I say it all the time: I don’t have the ‘rad’ gene. I’m not one of those rad people who will just hop on a bike and send it off a cliff. I don’t ‘huck & pray’, I’m not cool or brave or naturally gifted. But I enjoy a challenge and I enjoy work. So I session — I session A LOT. I’ve been laughed at for my similarity to a hamster on a wheel by those who know me at the bike park (people who I suspect were born with the ‘rad’ gene). I carefully and meticulously (and slowly) inch myself closer to whatever my current goal is. My goal for the past 2 years has been jumps and drops and leveling up my ability to do them with style, with ‘steez’. When I was practicing no-handers, I never just and went for it and spread my arms out in the air. I started by taking one hand off a quarter of an inch and I did that countless times before I moved up to taking it off a half an inch. Repetition and quantity are how I make progress. Perhaps that’s why I still can’t do a no-hander properly (you can’t just spread them out, you have to put them all the way behind your back, sui style to be legit rad). I wish I had the ‘rad’ gene, but in honesty, I am not a fearless human being. I have plenty of fears and though I am proud to say that thus far I’ve overcome almost all of them, I would never try and deny fear’s innate presence within me. I think it’s important for people to know that beyond the posts they see, which only illustrate one seemingly fearless moment, there’s a good amount of fear that has to be dealt with beforehand. Perhaps not for all, not for those with the gene, but it’s certainly so for me. The conundrum is that fear works against you in the art of mountain biking; the more you charge something without hesitation, the more successful you’ll probably be with it, and fear can be dangerous if it causes you to be panicky or squirrely. One of my favorite parts about mountain biking, particularly downhill, is that it forces you to dig deep into your mind-over-matter abilities and walk yourself through fear. You conquer it over and over again and suddenly you’re adapted, you can defeat it on demand. By sheer power of will, we make ourselves stronger. Some people overcome fear in a single leap, some do it in inches.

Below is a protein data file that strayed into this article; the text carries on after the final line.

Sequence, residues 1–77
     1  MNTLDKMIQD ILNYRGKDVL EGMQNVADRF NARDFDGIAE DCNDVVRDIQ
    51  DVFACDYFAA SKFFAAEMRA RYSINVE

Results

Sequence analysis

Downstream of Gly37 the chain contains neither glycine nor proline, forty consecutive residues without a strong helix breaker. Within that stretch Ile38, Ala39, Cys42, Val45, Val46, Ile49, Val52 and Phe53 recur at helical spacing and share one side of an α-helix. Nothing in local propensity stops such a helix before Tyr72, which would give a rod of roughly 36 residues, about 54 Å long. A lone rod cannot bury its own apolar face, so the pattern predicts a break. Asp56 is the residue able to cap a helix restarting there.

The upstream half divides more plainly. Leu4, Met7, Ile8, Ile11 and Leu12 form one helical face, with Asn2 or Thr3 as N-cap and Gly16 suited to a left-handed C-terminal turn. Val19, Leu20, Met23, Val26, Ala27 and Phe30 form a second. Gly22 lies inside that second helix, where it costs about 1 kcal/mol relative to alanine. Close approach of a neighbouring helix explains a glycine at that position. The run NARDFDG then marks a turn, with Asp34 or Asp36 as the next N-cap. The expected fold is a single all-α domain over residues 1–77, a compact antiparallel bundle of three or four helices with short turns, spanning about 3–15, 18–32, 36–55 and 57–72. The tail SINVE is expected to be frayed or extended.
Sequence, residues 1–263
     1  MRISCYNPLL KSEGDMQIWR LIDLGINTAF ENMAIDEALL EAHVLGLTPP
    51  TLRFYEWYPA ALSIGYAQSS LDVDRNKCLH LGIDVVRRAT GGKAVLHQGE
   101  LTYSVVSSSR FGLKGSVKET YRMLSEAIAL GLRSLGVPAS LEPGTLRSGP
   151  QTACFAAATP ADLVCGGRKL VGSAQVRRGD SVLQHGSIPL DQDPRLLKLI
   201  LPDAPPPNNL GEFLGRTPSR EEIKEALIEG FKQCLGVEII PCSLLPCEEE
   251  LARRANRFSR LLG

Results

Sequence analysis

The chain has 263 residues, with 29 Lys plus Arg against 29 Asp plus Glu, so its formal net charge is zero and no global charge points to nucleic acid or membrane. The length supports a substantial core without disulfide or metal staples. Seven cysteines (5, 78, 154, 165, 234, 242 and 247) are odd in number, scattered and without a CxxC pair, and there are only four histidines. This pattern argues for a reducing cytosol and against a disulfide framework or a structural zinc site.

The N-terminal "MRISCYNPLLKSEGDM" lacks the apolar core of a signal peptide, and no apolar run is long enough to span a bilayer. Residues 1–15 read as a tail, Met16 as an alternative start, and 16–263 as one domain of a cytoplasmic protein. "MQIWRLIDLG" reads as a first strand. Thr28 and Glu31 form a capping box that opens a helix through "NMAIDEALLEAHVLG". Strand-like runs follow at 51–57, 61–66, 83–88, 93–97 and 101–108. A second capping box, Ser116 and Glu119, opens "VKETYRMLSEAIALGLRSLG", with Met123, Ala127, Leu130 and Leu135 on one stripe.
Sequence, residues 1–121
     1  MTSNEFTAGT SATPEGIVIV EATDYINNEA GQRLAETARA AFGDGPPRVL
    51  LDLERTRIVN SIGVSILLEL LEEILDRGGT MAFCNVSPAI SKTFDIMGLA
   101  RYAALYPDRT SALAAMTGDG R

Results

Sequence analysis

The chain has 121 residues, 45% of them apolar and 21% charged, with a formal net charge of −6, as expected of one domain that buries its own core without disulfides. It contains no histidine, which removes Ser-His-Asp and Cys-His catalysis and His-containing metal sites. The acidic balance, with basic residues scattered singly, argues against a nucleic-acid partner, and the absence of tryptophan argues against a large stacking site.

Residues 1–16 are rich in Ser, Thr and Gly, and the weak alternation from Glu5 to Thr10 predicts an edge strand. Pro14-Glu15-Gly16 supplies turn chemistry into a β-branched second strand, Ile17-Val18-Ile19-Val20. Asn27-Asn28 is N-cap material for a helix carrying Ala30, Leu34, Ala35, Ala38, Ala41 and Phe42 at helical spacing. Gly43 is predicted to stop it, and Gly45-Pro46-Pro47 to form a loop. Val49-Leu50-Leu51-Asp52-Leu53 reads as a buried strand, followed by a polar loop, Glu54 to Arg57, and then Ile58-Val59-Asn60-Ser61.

I’m more of an incher. Over the last 4 years of mountain biking and 2 years of bike parking (used as a verb), I’ve gained many inches through copious volume and countless hours of practice. The images you don’t see. The ten thousand hours I’m steadily inching toward.